Brush and Palette Club

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JACO, Dr. Nicholas Trevenen
September 20, 1920 - September 1, 2022

On September 1, early in the morning, Dr. Nick Jaco died. He would have been 102 years old in three weeks time. He leaves to mourn his wife of sixty-six years, Rose Marie, his four children, Nicholas, Peter, Jennifer and Christopher, and their spouses, Lola Weller, Candida Jaco and Robert McKay. His eight grandchildren are also saddened by his death. They are Samantha and Jaqueline Jaco, Charles and Emily Jaco, and Alastair, Cecelia, Emma and Fiona McKay. Nick delighted in his two great-grandsons, Iver and Elek McKay and declared that they were certainly among the most beautiful children he had ever encountered. Family members who also feel his loss are his Cornish relatives, especially his niece Mellyn, his nephews Glynn and Trevenen, and his many cousins in the extended Jaco family.

As a paediatrician, Nick met and healed many children of all ages, but kept a very special place in his heart for premature babies. He approached their care with great compassion for the families and a careful application of the latest developments in neonatology for infants. Nick had a long career in medicine prior to coming to London in 1966 to help establish a neonatal intensive care unit at St. Joseph's Hospital. Born in the town of Liskeard, Cornwall, U.K., he was fond of recalling two highlights from his childhood. The first was when Edward, Prince of Wales was touring Cornwall and met baby Nick with his parents, who were part of the flag-waving crowd. The Prince noticed the child, pronounced him a very beautiful baby, and so provided for the family the royal seal of approval. The second was the birth of his little sister, Pamela, which he recalls as a joyous occasion. They remained close friends all of their lives.

Nick proved to be a gifted student, particularly in mathematics, and in 1938 he received a County of Cornwall scholarship to study mathematics at Merton College, Oxford. The unexpected death of his father that year caused him to develop an interest in health care and he transferred to the medical faculty in his second year. He studied under the guidance of many noted physicians and became a specialist in internal medicine prior to studying paediatrics. In 1954 Nick immigrated to Canada with the intention of establishing a referred practice in a suitable location. After a year at the Hospital for Sick Children in Toronto, Nick moved to Sudbury, where he was attached to the Sudbury General Hospital. His fiancée, Rose Marie, was a psychiatric social worker in the hospital and they married in 1956. Their four children were born in the hospital and were destined to travel with their father in the development of his career. The first journey took the family to New York where Nick began his work with the newborn at what was then Columbia Presbyterian Hospital.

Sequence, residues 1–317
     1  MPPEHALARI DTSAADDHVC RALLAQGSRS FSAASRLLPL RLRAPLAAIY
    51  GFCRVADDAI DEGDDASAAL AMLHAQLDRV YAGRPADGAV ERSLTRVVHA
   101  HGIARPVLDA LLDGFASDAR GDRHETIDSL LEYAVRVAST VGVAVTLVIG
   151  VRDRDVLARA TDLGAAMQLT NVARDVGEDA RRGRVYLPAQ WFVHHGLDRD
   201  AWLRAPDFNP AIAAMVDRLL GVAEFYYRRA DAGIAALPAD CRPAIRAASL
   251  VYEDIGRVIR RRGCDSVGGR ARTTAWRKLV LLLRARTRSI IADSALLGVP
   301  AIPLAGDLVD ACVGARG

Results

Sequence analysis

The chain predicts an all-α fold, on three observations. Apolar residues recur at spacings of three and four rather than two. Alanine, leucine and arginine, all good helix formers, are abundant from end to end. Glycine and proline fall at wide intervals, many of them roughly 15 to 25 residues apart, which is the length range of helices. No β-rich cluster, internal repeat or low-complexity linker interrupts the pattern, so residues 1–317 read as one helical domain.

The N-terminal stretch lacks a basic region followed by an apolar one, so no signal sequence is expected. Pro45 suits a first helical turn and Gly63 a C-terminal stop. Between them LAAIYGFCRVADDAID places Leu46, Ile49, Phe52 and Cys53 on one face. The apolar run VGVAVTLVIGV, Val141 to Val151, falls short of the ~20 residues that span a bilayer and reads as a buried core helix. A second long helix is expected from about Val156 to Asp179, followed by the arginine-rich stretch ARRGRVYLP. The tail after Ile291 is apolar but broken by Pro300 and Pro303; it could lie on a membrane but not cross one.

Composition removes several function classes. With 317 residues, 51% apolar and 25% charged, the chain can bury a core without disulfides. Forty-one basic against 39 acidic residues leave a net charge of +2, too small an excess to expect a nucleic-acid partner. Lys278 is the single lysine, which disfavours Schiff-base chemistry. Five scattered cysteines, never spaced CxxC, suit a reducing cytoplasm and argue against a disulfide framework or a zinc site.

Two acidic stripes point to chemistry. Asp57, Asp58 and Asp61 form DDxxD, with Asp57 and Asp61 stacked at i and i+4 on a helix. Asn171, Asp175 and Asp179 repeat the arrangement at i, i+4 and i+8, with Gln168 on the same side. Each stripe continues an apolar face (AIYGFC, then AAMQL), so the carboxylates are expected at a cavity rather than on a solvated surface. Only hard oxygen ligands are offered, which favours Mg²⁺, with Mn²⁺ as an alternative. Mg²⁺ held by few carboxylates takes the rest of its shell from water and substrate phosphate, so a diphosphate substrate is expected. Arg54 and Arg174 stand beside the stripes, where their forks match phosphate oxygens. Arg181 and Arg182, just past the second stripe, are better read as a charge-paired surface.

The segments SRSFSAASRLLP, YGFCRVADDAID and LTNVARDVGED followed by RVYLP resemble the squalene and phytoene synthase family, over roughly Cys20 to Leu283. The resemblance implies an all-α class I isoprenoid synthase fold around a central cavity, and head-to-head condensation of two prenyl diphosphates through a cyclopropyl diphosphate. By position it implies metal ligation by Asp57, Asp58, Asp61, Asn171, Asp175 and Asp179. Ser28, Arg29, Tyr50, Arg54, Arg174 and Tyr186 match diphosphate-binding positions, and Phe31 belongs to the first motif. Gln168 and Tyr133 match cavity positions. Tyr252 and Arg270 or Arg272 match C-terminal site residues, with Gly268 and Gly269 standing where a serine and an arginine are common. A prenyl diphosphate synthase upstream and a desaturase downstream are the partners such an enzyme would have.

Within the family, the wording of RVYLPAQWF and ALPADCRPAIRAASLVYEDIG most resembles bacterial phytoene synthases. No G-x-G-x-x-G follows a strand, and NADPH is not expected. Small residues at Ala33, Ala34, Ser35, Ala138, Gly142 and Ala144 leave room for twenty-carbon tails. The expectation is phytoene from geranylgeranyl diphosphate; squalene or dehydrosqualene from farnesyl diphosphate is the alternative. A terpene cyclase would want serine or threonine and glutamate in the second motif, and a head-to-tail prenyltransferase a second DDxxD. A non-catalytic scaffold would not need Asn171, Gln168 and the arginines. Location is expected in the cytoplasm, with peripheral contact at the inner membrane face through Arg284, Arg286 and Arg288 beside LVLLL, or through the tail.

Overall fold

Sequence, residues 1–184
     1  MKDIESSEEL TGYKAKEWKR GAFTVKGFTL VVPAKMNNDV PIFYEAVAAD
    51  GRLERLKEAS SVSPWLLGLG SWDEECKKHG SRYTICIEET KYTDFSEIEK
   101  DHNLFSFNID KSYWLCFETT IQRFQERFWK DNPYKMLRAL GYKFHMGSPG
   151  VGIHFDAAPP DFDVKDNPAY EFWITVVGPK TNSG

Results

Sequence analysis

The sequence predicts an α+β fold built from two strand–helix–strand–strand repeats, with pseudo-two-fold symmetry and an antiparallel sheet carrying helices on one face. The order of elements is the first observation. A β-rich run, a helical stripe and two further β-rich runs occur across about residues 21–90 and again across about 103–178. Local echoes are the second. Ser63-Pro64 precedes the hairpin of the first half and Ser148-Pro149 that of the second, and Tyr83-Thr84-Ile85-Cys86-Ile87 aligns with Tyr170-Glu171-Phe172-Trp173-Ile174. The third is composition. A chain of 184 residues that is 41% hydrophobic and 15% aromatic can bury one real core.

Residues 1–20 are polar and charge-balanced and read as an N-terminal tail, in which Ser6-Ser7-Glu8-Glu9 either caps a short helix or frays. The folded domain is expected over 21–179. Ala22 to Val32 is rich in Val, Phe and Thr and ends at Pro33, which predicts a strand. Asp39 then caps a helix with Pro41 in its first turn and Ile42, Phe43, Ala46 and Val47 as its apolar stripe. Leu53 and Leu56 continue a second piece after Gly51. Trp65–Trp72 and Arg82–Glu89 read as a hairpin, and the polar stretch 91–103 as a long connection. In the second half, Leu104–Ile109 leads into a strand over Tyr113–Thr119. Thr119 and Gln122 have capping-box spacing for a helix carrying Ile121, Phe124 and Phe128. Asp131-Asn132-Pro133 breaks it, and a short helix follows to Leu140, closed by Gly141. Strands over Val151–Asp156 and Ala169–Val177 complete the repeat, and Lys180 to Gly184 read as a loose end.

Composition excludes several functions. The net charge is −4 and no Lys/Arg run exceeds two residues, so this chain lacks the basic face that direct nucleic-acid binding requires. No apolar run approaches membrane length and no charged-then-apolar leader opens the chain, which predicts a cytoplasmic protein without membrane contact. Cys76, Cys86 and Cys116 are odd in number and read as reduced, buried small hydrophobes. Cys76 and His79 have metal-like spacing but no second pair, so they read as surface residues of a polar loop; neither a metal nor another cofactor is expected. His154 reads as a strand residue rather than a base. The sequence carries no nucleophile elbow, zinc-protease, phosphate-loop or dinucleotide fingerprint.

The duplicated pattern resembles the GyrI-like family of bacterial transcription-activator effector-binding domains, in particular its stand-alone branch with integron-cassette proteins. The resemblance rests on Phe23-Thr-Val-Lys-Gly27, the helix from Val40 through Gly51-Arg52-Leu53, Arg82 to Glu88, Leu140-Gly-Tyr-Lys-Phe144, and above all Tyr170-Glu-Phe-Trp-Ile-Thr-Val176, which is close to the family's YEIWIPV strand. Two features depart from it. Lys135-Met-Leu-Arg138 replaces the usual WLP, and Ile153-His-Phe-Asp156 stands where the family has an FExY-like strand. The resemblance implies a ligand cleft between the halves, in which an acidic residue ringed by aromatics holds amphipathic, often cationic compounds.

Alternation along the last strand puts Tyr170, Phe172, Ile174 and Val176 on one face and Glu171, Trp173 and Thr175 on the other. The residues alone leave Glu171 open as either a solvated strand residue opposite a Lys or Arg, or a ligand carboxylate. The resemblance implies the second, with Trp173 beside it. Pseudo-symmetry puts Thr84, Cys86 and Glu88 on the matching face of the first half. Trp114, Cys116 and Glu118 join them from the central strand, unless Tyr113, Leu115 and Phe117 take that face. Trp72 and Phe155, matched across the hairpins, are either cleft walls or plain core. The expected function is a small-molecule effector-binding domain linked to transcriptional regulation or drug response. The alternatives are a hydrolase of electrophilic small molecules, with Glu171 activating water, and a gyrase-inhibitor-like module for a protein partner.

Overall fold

After three years of work and study, Nick accepted the position of Chief of Paediatrics for the County of Cornwall, and the family moved to Britain the city of Truro. There they lived in a large and ancient stone vicarage, attached to Kenwyn Church, and the children began to adapt to the exacting British educational system. But after a few years as a general paediatrician, Nick's interest in the premature newborn reasserted itself and he accepted the position of Chief of Paediatrics at St. Joseph's Hospital in London, where he helped create the neo-natal intensive care unit. Through his many years of practice he has met many of his former tiny patients, now robust teenagers or young adults, who claim him as the doctor who saved their lives.

Nick had many gifts and hobbies. He was very fond of music and enjoyed playing the piano, especially jazz compositions. He was an accomplished artist in both oils and watercolours and a keen member of the Brush and Palette Club. Another interest was photography, and he always managed to find space for a darkroom in any home the family inhabited. A very special place for Nick was the family cottage on Four Mile Island in the French River, just south of Sudbury. That was where he fished, painted, took photographs and enjoyed the company of his children and grandchildren. Fortunately, he was able to spend some time near the end of his life relaxing on the French River, in the company of his sons, Peter and Christopher. Travelling was also a source of great pleasure for Nick and Rose Marie, and they enjoyed their many visits to Nick and his family in Australia, to Peter and his family in Edinburgh and to the Jaco clan in Cornwall. Holidays in Portugal, France, Spain, Greece, Tasmania, New Zealand and Costa Rica gave Nick the opportunity to photograph and paint many beautiful scenes.